August 2012
Volume 12, Issue 9
Vision Sciences Society Annual Meeting Abstract  |   August 2012
Variability in encoding precision accounts for the limitations of visual short-term memory
Author Affiliations
  • Wei Ji Ma
    Department of Neuroscience, Baylor College of Medicine
Journal of Vision August 2012, Vol.12, 1102. doi:
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      Wei Ji Ma; Variability in encoding precision accounts for the limitations of visual short-term memory. Journal of Vision 2012;12(9):1102.

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      © ARVO (1962-2015); The Authors (2016-present)

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The question whether visual short-term memory (VSTM) consists of a fixed number of discrete chunks or of a continuous resource has been intensely debated. Recent work suggests that only the former model can explain human performance, in particular the observed increase in guessing with set size. However, continuous-resource models have not taken into account that the amount of resource per item may vary across items and trials, for example due to attentional fluctuations. We developed a new model that incorporates this variability. In this model, the encoding precision of a stimulus decreases on average inversely proportionally to set size but is variable around this average. We tested this variable-precision model against leading previous models in three experimental paradigms: delayed estimation (recall), change detection, and change localization. We performed each experiment for both orientation and color. In the change detection and change localization experiments, we varied not only set size, but also the magnitude of change and stimulus reliability. Across all six experiments, the variable-precision model provided excellent fits to the data, accounted for the increase in guessing, and outperformed the other models in a formal comparison. Furthermore, we found that the variable-precision model can readily be implemented using an existing neural architecture, namely the divisive normalization model of attention (Reynolds and Heeger). We modified this model to incorporate attentional fluctuations and stochasticity in spike generation. With these modifications, the neural network can quantitatively reproduce subjects’ behavior in delayed estimation, despite not containing any limit on the number of items kept in memory. The neural model is consistent with extant physiological findings. Together, these results provide strong converging evidence – both behavioral and neural – that VSTM resource might not be discrete and fixed, but continuous and variable. The variable-precision model might provide a unifying framework of attention and working memory.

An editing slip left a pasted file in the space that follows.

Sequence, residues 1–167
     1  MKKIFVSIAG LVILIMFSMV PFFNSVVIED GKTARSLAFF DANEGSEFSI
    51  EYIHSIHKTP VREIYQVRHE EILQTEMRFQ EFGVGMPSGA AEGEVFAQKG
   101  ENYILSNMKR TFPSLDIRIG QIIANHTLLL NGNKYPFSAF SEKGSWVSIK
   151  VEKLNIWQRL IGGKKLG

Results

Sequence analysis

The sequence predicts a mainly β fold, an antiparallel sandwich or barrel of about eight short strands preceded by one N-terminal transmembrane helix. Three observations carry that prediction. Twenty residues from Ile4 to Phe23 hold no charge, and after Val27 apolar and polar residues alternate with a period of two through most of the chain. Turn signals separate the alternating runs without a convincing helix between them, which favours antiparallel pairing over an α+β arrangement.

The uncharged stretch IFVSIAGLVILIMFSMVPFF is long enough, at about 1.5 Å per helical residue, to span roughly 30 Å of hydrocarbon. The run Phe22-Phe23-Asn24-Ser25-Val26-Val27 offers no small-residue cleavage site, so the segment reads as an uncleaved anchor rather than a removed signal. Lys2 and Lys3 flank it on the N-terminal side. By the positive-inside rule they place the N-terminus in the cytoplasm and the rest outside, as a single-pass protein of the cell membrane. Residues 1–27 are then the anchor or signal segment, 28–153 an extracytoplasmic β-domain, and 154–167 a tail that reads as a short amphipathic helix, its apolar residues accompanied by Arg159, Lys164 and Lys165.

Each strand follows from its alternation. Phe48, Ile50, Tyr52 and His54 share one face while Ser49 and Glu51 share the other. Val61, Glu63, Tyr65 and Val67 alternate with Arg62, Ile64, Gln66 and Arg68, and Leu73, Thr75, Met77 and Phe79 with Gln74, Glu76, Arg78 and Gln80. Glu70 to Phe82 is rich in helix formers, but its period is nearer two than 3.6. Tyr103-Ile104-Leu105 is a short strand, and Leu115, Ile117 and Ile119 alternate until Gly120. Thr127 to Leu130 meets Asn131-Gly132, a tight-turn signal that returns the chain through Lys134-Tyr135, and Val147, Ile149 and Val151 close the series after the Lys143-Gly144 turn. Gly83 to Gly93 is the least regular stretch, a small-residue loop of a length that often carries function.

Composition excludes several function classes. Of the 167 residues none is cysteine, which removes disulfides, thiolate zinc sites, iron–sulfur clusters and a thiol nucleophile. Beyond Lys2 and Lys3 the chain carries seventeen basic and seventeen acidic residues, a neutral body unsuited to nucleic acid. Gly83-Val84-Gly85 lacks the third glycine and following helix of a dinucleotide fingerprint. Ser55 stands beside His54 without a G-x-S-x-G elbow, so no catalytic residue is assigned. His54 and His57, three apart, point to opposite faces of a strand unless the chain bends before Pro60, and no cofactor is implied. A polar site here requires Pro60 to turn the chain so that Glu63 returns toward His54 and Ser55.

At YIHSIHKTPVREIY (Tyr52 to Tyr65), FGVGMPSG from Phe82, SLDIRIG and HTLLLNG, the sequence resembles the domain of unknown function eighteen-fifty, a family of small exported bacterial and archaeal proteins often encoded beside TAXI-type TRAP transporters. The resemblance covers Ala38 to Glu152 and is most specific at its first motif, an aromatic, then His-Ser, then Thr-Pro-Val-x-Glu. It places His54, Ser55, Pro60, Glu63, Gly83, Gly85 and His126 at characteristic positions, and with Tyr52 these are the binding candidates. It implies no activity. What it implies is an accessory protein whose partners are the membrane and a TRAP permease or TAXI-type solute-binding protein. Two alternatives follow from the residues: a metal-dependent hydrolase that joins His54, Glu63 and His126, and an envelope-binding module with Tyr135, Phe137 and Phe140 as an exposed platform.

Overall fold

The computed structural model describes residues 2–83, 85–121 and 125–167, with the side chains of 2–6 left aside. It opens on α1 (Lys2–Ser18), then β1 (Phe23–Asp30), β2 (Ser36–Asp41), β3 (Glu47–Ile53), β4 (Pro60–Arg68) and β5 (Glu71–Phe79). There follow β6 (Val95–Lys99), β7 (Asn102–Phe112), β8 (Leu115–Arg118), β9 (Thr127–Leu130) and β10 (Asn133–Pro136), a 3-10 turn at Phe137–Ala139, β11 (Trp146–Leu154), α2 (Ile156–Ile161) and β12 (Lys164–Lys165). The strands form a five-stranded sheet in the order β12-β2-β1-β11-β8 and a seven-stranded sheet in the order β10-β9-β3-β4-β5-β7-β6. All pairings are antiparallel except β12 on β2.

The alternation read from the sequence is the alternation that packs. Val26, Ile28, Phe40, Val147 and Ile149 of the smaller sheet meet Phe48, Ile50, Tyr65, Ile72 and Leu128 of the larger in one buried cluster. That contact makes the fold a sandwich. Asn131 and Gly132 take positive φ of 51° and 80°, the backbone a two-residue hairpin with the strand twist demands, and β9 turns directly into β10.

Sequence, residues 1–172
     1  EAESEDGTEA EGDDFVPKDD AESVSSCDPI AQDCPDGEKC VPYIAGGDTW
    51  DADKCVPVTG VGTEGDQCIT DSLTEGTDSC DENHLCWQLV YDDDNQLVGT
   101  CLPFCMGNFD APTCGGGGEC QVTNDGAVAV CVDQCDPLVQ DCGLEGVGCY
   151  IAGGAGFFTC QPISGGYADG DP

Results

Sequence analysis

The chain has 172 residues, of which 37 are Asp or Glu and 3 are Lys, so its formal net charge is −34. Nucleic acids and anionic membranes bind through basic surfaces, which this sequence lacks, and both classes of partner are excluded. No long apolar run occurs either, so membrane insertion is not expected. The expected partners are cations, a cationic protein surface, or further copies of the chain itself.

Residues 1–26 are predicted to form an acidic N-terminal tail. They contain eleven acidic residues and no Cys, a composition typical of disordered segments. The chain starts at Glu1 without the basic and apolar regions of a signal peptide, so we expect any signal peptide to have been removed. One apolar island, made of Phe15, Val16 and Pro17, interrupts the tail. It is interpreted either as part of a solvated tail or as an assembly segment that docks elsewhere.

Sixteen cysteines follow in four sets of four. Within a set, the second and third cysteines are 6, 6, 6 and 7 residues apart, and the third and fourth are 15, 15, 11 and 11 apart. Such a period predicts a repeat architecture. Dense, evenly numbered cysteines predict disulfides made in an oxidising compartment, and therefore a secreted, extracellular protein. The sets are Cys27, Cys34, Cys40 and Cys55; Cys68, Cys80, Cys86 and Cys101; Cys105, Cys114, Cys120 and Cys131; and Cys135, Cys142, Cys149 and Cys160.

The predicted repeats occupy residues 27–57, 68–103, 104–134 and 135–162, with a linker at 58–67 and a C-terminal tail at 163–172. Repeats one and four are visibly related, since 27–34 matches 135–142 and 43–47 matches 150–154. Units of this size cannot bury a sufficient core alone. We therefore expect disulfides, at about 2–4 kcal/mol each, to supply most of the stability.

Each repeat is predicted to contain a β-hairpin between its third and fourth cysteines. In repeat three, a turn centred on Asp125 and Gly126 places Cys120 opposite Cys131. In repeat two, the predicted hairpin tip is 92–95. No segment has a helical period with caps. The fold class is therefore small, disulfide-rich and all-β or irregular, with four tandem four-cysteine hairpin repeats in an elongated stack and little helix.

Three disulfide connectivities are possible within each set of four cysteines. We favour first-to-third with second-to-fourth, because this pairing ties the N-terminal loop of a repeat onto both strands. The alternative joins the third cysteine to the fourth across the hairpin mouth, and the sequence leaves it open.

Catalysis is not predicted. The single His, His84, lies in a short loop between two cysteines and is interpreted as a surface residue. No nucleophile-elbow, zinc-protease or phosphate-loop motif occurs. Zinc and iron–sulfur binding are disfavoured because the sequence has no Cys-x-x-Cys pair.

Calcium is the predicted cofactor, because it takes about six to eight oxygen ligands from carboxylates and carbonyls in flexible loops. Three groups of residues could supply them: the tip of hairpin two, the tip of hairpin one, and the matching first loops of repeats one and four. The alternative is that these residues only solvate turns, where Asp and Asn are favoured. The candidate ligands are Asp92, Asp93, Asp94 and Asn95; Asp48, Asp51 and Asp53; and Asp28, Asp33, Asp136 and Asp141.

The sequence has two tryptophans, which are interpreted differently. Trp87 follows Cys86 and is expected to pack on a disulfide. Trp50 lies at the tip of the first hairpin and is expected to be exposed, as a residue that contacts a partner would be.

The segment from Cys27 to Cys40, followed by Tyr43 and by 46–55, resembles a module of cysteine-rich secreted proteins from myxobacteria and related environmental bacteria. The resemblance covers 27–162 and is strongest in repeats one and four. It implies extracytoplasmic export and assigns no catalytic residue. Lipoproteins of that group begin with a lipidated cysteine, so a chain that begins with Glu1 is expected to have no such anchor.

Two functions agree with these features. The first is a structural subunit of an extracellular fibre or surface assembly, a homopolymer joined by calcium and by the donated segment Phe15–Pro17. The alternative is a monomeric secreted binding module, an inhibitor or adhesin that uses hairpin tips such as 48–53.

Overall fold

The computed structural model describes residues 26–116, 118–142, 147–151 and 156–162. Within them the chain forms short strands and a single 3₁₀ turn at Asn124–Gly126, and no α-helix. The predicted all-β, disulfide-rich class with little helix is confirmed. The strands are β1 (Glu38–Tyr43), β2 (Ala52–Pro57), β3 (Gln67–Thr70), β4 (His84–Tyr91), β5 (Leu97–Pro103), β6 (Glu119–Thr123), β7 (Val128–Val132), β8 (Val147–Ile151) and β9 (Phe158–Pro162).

Meeting abstract presented at VSS 2012


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